Think of the great British footballing icons from the distant past. Fans may point to the likes of the Busby Babes, or legendary goalie Gordon Banks, or Stanley Matthews, the “wizard of the dribble”. But there are some individuals that have unfairly faded from the narrative of the beautiful game. And if there’s one player who badly deserves to become a household name, it’s Walter Tull – a trailblazer for Tottenham Hotspur, a black British player who defied the ingrained bigotry of his day to win plaudits in football AND become a war hero amid the bullet-blizzard of the WW1 trenches.
The Orphan Prodigy
Walter Tull was born in 1888 – a time of imperialist might abroad and rigid class and social divisions at home, leading to the kind of social deprivation that allowed the likes of Jack the Ripper to ply their grisly trade. It was, in short, a difficult time to be a mixed-race Briton.
Walter was the grandson of a slave, and the son of a carpenter from Barbados who had settled down with a woman from Kent he had met through the local church.
Walter’s early years were far from smooth. When Walter was just a child, his mother died from cancer, and his father married her cousin – only to himself die just a few years later from heart disease.
His stepmum struggled to look after young Walter and his many siblings, and made the decision to send two of the children to an orphanage in London’s gritty Bethnal Green area. These two were Walter himself and his brother Edward.
"...a promising player who never had the fame he deserved, and deserves his place in history for being one of the very first to break the racial barriers of his day – both in terms of sport and the military."
The institutional hostility towards non-whites is shown by the fact that a local charity organisation felt it needed to warn the orphanage about the young Tull boys. “The father of these children was a negro and they are consequently coloured children,” their letter read. “I do not know if you are aware of this or whether it will in any way affect the application?”
Fortunately, the orphanage had no qualms about taking Walter and Edward on, and it wasn’t too long before Edward was actually adopted by a couple in Scotland. This was a huge blow to Walter, who felt more isolated than ever, but in his teens he blossomed into an ambitious and driven boy, developing an unlikely interest in printing. He became an apprentice at a print shop, and even had a career in newspapers in mind, before a rival passion came into play: football.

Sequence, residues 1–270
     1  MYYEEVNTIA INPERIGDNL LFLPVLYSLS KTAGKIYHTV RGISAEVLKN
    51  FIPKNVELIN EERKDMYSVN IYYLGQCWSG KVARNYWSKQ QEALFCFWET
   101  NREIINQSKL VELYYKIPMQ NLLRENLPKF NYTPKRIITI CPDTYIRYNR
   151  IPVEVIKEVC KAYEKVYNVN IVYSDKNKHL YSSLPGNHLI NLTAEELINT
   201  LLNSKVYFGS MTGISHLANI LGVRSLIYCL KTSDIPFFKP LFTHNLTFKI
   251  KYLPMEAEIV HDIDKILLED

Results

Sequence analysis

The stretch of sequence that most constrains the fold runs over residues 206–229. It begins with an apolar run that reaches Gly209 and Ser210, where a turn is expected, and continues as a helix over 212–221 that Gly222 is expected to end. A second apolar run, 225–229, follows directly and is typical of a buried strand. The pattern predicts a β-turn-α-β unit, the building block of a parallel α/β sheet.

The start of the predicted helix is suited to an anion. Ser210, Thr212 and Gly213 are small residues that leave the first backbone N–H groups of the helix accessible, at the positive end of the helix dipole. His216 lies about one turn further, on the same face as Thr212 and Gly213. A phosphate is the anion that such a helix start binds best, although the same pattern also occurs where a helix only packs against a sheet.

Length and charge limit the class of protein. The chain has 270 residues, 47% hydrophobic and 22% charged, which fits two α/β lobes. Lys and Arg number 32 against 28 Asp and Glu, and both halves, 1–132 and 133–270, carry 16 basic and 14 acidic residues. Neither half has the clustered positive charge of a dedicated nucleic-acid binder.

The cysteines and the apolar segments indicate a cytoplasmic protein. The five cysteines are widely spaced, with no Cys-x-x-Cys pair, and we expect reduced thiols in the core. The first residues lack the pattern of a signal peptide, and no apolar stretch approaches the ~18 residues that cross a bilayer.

Having played in the orphanage team, young Walter’s skill was so obvious that he was soon signed up by prominent amateur club Clapton FC. His time there was triumphant – Walter won medals playing in tournaments like the FA Amateur Cup and the London County Amateur Cup, and came to the attention of a major club: Tottenham Hotspur.
Walter made his debut for Spurs in 1909, becoming one of the very first black players in a major British team. He made an immediate impact on the sport, with journalists gushing over his nimble footwork and suave, unruffled demeanour on the pitch. One newspaper sportwriter described how Tull’s skill “astounded everyone who saw it”, and praised his “perfect coolness” and “accuracy of strength in passing”.
But entering the limelight made Walter a target of the brazen bigotry of the time. One match, against Bristol City, saw him subjected to particularly vile abuse by the other team’s supporters. It was so bad that some journalists commented on it, defending Walter’s honour. One wrote in his column, with palpable fury: “Let me tell those Bristol hooligans that Tull is so clean in mind and method as to be a model for all white men who play football.”
After playing only a handful of games, Walter was relegated to the reserves – perhaps because the sheer vitriol he inspired was becoming a public embarrassment for the various football clubs. It must have been an incredibly frustrating period for Walter, but things took a brighter turn when he was transferred to Northampton Town, then managed by Herbert Chapman – now regarded as one of the most innovative and ingenious football managers of all time.
It was an auspicious period in Walter’s career – so much so that he was even in talks to play for Glasgow Rangers. But then something happened that would end his footballing career abruptly and forever. That something was war.